Patna School of Painting

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Patna School of Painting (also Patna Qalaam, Patna Kalam, or Company painting) is a style of Indian painting which existed in Bihar, India in the 18th and 19th centuries.[1] Patna Qalaam was the world’s first independent school of painting which dealt exclusively with the commoner and his lifestyle also helped Patna Kalam paintings gain in popularity.[2] The Principal centers were Patna, Danapur and Arrah.


Origin[edit]

Bhisti (Water seller)

Patna Kalam is an off-shoot of Mughal painting. The Mughal style of painting matured in the regime of Jahangir, and his period was considered the golden era of Mughal paintings,[3] but during the rule of Aurangzeb in the late 17th and early 18th century, artisans faced mass prosecution and aversion in art and painting. The painters migrated from Delhi looking for shelter in different places. One such group moved eastward and landed in Murshidabad under the patronage of the Nawab of Bengal and other local aristocrats.

In the mid 18th century, after the fall of The Nawab of Bengal and subsequent decline of Murshidabad, the artisans started moving to the next biggest city in the east, Patna. In Patna they came under patronage of local aristocracy and often Indophile scions of the early East India and started a unique form of painting which came to be known as the Company painting, or Patna Kalam.[4][5]

Style[edit]

Patna Kalam is regarded as an off-shoot of Mughal painting, with influences from Persian and Company (British) styles.[6] The portraits can be clearly seen having colours and linings from Mughal style, and the shading can be seen to be adopted from the British style.[7] Diverging from the Mughal and Persian style of wide and exquisitely decorated borders, Patna Kalam primarily focused on the subject of the painting.

Unlike Mughal painting, which focused on the royalty and court scenes, flag bearers of Patna Kalam were deeply influenced by daily life of common man. Their main subjects were local festivals, ceremonies, bazaar scenes, local rulers, and domestic activities. The paintings were done on diverse surfaces such as paper, mica, and even ivory diskettes, that were used as brooches.[4]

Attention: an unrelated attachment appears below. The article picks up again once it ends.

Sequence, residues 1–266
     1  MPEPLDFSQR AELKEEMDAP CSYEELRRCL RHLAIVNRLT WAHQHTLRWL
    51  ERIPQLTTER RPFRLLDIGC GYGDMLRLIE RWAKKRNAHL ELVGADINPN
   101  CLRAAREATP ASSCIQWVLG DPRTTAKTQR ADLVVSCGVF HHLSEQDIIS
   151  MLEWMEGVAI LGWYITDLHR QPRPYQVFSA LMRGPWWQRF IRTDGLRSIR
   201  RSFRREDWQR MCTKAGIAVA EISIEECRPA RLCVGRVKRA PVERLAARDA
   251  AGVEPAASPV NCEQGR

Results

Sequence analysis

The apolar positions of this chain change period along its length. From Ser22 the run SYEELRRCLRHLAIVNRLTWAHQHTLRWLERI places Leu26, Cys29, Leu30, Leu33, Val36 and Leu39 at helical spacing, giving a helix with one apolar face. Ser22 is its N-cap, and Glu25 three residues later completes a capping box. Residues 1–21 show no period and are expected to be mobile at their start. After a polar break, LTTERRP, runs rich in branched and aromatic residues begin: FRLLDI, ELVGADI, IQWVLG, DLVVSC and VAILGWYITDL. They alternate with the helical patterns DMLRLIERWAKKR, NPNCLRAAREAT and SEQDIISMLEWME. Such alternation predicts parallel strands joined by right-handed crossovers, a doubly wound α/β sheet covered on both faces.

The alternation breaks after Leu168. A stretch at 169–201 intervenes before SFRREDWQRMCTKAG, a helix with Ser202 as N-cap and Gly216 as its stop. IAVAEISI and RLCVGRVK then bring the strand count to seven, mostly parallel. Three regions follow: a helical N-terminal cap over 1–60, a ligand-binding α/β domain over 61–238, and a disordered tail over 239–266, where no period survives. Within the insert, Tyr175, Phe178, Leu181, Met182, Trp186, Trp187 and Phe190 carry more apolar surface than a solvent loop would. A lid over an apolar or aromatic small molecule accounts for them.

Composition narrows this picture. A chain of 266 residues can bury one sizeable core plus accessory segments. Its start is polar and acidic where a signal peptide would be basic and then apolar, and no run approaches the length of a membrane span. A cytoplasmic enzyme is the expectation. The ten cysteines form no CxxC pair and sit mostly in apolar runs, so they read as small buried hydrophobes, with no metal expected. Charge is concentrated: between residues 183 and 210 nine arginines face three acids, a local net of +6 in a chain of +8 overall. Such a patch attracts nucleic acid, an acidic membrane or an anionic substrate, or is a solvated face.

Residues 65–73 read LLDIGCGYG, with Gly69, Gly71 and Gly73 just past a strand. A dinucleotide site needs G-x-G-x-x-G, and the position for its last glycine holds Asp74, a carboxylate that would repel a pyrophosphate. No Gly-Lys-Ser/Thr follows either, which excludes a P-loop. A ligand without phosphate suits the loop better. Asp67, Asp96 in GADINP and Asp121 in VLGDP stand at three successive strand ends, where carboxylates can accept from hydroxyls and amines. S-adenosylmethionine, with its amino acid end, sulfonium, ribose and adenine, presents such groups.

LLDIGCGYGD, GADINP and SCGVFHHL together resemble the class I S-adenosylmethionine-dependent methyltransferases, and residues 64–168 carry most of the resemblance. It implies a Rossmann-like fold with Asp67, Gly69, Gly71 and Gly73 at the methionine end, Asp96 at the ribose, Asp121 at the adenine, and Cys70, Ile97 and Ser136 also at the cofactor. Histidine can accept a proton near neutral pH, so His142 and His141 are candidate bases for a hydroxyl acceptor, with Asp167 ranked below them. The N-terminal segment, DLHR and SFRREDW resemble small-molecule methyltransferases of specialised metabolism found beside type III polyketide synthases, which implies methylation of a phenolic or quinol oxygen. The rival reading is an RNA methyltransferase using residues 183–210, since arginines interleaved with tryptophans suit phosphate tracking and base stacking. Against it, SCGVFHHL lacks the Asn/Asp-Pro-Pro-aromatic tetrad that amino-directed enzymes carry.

Tamtam (Horse drawn carriage) -by Shiv Lal

A distinguishing characteristic of Patna Kalam is lack of any landscape, foreground or background. Another characteristic was the development in the shading of solid forms. Patna Kalam paintings are painted straightway with the brush without marking with pencil to delineate the contours of the picture and the procedure of painting is popularly known as 'Kajli Seahi.'[5]

Patna Kalam Today[edit]

Some well known painters of Patna Kalam were Sewak Ram, Hulas Lall, Shiv Lal, Shiva Dayal, Mahadeo Lal, and Ishwari Prasad Verma. There is currently no one to carry on the tradition. Only three collections of Patna Kalam paintings exist in Bihar, one at the Patna Museum and others at Khuda Baksh library, Patna, and Patna University’s College of Arts and Crafts. The Patna Kalam flourished only as long as its Western patrons existed.

Gallery[edit]

References[edit]

  1. ^ "Bihar Culture". Archived from the original on 17 June 2011. Retrieved 19 October 2008.
  2. ^ "Patna Kalam comes alive in 30-minute documentary". www.telegraphindia.com. Archived from the original on 25 December 2018. Retrieved 25 December 2018.
  3. ^ "Patna Kalam Paintings an Introduction". Archived from the original on 15 May 2019.
  4. ^ a b "Return of the 'Patna Kalam'". Archived from the original on 15 May 2019.
  5. ^ a b "Patna Kalam Painting- Origin and Characteristics". Archived from the original on 25 April 2019.
  6. ^ "Patna Kalam - Patna School of Painting Bihar India". www.bharatonline.com. Archived from the original on 25 December 2018. Retrieved 25 December 2018.
  7. ^ Rajya Sabha TV, RSTV Documentary - Patna Kalam, retrieved 25 December 2018

Further reading[edit]